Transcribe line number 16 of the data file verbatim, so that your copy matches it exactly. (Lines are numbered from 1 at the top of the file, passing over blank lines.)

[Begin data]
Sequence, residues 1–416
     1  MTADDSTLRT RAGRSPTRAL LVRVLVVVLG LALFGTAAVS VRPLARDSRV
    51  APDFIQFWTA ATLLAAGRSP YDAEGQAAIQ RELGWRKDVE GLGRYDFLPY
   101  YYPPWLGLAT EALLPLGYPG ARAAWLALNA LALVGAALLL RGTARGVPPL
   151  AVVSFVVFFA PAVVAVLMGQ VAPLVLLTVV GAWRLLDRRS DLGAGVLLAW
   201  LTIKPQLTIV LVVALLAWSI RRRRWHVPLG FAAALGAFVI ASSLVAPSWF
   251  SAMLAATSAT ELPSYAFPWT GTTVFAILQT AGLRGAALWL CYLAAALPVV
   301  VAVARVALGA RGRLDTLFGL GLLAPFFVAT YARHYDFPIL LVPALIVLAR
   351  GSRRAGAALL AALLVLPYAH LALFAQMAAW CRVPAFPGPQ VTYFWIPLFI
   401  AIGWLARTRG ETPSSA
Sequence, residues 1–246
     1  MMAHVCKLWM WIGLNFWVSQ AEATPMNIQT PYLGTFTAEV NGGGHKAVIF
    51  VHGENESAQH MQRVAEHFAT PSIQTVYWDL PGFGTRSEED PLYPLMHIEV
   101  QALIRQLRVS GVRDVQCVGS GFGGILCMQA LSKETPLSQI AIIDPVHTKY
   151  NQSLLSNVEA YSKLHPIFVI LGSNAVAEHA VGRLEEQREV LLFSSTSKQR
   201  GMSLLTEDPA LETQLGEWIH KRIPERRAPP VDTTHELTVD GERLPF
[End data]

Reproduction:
   201  GMSLLTEDPA LETQLGEWIH KRIPERRAPP VDTTHELTVD GERLPF